While New York City went about its usual night-excursions on one particular recent Friday evening of January the 28th, thinking nothing exciting was happening in the world of comics, us comics people were having a dinner-party-style art gallery opening. (And the same night had a live podcast-recording and rocking after-party to celebrate the ten-year-anniversary of the founding of @iFanboy. All in Brooklyn. I know, we're party animals, right?) Refreshments of all kinds were made available to the guests as we milled about the gallery.
I was warmly greeted to the Scott Eder Gallery, one of the few New York City galleries to specialize in original comics art (or art inspired by comics) and this writer really appreciated it. All of it: the professional attitude, the greeting, and the chance to look at one artist's work in the context of visual art as well as in the context of narrative art. Josh recently wrote a two-part editorial about the weird elements of viewing comics on the wall in an art gallery and I wondered what new things would happen in my brain as a result.
Millionaire's work has a creepy vibe to it! Tight hatch-marks give everything a bulby, rounded look and the colorless palette he usually sticks to create together a feeling of depressing loneliness but the tone of the tales and the absurdity of the characters and their situations maintain a line of black humor throughout that allows us to laugh at his characters.
We laugh most of all at Uncle Gabby who we see always removed from us in some way, mainly through the point-of-view of his 'nephew' (who isn't really his nephew...) Drinky Crow. You can see some of the strip in which they both appear, "Maakies", for free at Tony Millionaire's blog at Maakies.com! I felt the "Maakies" strips on display were the highlight at the Scott Eder Gallery:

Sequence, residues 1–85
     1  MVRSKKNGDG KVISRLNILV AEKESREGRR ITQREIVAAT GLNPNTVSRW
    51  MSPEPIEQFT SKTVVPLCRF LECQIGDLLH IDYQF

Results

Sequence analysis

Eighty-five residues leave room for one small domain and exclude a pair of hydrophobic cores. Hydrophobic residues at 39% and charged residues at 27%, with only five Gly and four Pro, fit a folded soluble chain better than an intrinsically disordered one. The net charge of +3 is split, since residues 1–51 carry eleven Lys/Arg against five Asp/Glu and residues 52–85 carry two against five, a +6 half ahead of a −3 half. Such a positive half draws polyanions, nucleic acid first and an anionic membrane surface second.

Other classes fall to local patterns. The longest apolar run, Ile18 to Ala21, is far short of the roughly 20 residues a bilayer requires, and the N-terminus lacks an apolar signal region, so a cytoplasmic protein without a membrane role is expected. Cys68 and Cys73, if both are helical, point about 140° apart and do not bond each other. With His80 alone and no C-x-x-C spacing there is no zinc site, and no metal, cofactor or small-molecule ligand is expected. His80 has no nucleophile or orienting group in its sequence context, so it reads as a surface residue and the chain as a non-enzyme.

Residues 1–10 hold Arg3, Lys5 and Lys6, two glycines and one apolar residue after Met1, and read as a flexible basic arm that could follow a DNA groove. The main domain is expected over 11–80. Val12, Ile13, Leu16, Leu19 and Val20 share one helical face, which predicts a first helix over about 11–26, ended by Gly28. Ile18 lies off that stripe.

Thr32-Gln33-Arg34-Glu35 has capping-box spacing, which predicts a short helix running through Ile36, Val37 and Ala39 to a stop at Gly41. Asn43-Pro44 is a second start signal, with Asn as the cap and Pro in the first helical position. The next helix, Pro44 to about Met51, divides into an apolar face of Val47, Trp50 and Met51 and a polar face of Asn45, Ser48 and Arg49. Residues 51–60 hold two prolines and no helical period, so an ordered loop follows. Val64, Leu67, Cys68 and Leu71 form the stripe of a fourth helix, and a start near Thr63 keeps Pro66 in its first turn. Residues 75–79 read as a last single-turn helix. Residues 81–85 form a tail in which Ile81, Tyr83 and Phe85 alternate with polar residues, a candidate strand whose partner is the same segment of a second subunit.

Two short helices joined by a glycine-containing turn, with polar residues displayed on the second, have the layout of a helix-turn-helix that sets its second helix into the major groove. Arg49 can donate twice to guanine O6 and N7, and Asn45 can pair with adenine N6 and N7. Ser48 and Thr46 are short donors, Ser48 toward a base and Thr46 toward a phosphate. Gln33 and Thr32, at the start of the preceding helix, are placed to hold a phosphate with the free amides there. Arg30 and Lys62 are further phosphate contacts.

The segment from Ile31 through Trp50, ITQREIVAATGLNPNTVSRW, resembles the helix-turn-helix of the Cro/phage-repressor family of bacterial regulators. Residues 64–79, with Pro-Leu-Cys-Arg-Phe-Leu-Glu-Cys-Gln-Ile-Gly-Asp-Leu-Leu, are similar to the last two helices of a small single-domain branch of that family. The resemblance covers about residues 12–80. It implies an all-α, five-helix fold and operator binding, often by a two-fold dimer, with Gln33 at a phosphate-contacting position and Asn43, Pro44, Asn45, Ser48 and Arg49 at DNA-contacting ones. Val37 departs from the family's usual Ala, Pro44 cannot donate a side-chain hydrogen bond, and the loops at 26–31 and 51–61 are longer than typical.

I was shocked and delighted to find that although Josh was very right about everything he said about comic-books and graphic novels in his post covering the "New Chicago Comics" exhibit at Chicago's Museum of Contemporary Art, the very reverse was true for comic-strips. Their small size, straight rectal-linear reading pattern, and compact narrative-nature leads the eye very nicely from one complete short-narrative work to the next! Obviously, as Josh wrote, a graphic novel or comic-book displayed this way is incomplete and an inherent betrayal of the respective formats: they are no longer books. BUT strips are already single sheets and intended to be enjoyed as such.
You can see all the work at Scott Eder online, a wonderful feature of the gallery's website available here. (No doubt they are hoping to catch a few buyers via the interwebs! Good for them!)
The work will be on display at the gallery 18 Bridge Street in Brooklyn, NY until February 25th. You're running out of time! Go see this cool stuff in person.